g. 此外，根据世界卫生组织等国际组织的建议，包括国际特赦组织和人权组织在内的联合国人权事务高级专员办事处（UN OHCHR）在（流行病或大流行病）危机中充分尊重并保护人权。
Application of Human Rights Principles in Dealing with Pandemic/Epidemic: Context of Nepal
Hari Phuyal, Judge, Supreme Court of Nepal
Hari Phuyal, Judge, Supreme Court of Nepal
The global COVID 19 coronavirus pandemic has spread to millions of human being and cost many lives including slowing down of economic activities to the entire world.
The first case of the COVID-19 pandemic in Nepal was confirmed on 24 January 2020 in Kathmandu District. The government of Nepal with an aim to contend the widespread outbreak of contagion announced a nationwide lockdown sealed the boarders and suspended the international flights.
The COVID 19 pandemic has severely impacted the overall sectors of the world, and Nepal is no exception. The pandemic has left no fields or sectors untouched in Nepal too, and top of all, it had a knock on effect on the overall basic human rights of people. More particularly, the economic and social impacts of pandemic are at unprecedented scale and its impact on human rights (and ESC rights in particular) is staggering and long lasting.
Even during the pandemic the core right to life and non-discrimination prevails in any jurisdiction and of course Nepal is no exception to such obligation.
WHO’s guideline on Addressing Human Rights amidst COVID-19 response:
The WHO has addressed all countries to respect and recognize the health and human rights of people and asked the countries to keep the human rights standards in the center of pandemic responses.
Considering, the range of violation and discrimination being surfaced after the outset of current pandemic, the WHO has particularly addresses the countries to refrain from violations including:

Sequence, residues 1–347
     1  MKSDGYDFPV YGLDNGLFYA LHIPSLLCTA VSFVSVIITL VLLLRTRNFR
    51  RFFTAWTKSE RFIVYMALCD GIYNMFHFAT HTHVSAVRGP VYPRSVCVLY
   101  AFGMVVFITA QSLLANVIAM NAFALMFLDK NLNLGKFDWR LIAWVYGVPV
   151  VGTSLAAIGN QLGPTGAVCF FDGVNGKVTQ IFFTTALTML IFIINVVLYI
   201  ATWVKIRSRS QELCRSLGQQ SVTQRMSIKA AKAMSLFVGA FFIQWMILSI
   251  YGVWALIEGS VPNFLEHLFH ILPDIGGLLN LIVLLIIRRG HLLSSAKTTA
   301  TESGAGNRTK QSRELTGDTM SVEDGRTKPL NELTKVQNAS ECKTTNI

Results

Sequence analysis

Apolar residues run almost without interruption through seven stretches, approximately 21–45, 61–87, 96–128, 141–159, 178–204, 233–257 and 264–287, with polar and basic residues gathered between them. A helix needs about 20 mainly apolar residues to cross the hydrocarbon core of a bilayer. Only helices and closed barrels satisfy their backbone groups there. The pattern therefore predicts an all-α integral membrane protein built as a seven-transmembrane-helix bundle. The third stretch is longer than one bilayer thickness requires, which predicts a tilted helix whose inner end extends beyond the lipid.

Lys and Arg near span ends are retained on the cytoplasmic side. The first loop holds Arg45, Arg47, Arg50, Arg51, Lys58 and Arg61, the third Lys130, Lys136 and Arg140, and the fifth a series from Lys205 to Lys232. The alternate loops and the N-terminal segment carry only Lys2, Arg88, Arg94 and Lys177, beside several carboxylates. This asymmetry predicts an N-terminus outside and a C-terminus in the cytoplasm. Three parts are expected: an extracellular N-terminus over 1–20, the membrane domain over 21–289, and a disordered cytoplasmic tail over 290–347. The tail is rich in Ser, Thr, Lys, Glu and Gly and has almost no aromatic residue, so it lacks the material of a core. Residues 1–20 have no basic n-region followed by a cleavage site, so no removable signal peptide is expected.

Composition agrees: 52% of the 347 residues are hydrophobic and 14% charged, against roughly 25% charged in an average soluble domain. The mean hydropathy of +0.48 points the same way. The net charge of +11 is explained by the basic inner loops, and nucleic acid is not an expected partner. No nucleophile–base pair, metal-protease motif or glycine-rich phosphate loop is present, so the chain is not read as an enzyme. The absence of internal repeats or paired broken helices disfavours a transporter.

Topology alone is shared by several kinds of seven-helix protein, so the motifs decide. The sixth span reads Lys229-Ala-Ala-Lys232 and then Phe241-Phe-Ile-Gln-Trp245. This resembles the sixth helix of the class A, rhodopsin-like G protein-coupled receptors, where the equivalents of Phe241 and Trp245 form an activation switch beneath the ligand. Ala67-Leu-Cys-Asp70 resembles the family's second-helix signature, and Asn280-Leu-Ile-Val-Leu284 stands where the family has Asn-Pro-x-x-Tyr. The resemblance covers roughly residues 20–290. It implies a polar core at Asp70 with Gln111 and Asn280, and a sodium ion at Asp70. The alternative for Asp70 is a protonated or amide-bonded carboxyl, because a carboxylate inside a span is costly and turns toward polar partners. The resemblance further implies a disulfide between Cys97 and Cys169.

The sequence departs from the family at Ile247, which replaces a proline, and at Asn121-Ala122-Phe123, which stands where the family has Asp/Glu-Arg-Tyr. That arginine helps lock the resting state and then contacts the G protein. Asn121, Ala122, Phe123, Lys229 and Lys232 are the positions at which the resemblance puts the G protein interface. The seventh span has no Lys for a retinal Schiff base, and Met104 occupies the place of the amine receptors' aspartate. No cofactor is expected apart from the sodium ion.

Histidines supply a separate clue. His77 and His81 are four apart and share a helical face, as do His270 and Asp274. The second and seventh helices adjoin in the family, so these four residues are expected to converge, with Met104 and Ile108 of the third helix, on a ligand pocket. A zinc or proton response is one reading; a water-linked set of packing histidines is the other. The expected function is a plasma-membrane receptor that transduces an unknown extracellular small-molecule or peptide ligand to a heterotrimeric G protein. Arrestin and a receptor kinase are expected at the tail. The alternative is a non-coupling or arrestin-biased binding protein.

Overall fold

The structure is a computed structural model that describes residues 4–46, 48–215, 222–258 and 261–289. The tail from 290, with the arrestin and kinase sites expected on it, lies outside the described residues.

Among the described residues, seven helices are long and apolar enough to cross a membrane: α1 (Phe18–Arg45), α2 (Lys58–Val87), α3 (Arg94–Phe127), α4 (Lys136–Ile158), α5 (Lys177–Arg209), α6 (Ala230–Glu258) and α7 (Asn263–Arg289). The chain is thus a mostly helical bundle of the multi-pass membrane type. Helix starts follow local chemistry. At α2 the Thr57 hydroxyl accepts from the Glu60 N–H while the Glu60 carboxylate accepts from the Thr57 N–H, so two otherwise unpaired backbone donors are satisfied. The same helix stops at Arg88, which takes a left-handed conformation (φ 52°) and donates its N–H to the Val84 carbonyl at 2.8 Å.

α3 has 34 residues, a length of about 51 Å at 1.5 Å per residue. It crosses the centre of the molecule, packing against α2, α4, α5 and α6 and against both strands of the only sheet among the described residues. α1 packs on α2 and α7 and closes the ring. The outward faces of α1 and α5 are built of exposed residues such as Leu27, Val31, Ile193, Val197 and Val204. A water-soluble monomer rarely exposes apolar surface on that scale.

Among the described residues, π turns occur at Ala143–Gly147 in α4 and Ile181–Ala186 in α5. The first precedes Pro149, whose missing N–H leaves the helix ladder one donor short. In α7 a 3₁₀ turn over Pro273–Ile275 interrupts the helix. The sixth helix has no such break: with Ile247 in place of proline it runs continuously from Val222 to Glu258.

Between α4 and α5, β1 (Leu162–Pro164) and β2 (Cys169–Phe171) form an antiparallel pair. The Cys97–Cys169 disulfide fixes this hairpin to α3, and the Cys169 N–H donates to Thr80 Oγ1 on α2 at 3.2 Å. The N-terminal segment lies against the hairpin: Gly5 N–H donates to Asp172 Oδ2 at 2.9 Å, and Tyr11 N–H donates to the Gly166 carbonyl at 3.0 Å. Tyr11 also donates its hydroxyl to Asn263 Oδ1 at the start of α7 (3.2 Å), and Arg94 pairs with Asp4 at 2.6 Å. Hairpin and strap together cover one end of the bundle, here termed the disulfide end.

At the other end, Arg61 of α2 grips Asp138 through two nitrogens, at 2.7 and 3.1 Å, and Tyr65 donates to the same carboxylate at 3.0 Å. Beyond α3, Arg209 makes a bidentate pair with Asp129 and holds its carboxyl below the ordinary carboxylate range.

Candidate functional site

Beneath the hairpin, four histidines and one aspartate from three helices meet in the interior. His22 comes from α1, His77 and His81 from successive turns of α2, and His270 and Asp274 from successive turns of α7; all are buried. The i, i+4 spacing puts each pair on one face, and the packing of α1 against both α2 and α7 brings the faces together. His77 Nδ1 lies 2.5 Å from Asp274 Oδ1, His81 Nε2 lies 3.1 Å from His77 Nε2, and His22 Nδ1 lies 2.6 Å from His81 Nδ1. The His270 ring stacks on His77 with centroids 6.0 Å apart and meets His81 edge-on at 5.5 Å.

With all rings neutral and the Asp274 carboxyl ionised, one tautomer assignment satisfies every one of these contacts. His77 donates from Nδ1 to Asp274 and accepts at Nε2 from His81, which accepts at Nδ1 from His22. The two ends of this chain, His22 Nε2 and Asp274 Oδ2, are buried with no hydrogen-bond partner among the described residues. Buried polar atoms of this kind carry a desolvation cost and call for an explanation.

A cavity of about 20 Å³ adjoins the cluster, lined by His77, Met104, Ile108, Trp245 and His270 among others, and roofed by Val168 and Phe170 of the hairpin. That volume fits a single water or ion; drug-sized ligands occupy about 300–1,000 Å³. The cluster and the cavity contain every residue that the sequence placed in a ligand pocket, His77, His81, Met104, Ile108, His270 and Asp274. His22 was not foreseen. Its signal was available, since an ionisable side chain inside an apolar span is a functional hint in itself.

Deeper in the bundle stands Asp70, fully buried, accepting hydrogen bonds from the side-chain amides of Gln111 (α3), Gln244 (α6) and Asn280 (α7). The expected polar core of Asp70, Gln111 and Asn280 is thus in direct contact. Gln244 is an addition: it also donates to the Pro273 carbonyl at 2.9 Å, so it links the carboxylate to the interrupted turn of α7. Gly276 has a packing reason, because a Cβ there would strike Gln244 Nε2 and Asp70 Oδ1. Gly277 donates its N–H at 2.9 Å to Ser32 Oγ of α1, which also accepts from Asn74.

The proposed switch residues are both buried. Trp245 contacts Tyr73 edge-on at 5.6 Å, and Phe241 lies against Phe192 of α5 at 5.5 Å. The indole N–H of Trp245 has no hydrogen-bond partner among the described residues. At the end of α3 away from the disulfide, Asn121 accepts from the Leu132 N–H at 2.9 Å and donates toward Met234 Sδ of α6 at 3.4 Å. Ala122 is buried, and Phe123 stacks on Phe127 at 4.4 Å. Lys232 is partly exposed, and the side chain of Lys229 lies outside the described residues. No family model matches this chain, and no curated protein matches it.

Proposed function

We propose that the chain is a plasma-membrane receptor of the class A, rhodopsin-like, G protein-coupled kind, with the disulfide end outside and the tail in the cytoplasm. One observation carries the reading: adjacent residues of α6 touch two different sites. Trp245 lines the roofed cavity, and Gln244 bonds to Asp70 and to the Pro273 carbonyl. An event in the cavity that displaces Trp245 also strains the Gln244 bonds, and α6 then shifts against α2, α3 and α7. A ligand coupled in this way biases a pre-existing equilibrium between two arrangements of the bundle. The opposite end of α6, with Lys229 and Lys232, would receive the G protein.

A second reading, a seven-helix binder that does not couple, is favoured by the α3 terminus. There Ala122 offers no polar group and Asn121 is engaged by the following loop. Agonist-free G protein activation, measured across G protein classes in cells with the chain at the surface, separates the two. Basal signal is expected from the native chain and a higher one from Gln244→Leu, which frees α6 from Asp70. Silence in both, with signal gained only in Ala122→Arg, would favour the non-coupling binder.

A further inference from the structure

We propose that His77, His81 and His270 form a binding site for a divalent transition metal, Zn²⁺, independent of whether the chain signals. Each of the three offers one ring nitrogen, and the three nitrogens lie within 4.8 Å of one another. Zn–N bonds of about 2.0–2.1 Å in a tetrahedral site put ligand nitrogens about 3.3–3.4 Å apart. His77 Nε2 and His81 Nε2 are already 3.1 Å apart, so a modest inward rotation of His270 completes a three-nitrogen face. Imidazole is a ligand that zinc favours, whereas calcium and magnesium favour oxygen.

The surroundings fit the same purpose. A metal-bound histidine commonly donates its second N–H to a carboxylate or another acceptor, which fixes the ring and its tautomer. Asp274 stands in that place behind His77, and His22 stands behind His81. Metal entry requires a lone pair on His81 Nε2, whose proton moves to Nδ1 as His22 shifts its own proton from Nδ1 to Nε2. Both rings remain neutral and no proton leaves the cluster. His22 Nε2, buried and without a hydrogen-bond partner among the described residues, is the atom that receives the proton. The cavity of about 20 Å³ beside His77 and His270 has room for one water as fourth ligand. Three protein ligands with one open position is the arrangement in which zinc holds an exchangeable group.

a. Address and stopping the growing stigma and discrimination against those who have contracted the virus, and rising cases and concerns like xenophobia and racism. (In case of Nepal growing discrimination against the Migrant Workers who have been stigmatized for bringing and spreading the virus in the country).
b. Protecting the more vulnerable sectors of the society and providing them with special care and protection (those who are physically vulnerable as well as those who’s more vulnerable to the social and economic impacts of pandemic).
c. Quarantine and restrictive measures to be in accordance with the law; pursue a legitimate aim; proportionate; and not arbitrary or discriminatory.
d. Supplies and equipments to protect the frontline health workers is paramount and PPE, including medical masks, respirators, gloves, gowns, and eye protection, must be prioritized for health care workers and others caring for COVID-19 patients. In view of the global PPE shortage, WHO recommends strategies that can facilitate optimal availability and appropriate use of PPE.
e. International assistance and cooperation to be provided especially targeting the low and middle-income countries to fight against the effects and disasters of pandemic.
UN Human Rights Office of High Commissioner (OHCHR):
The OHCHR has established COVID-19 GUIDANCE with an aim to keep human rights at the heart of response by the state.
The guidance basically endorses for: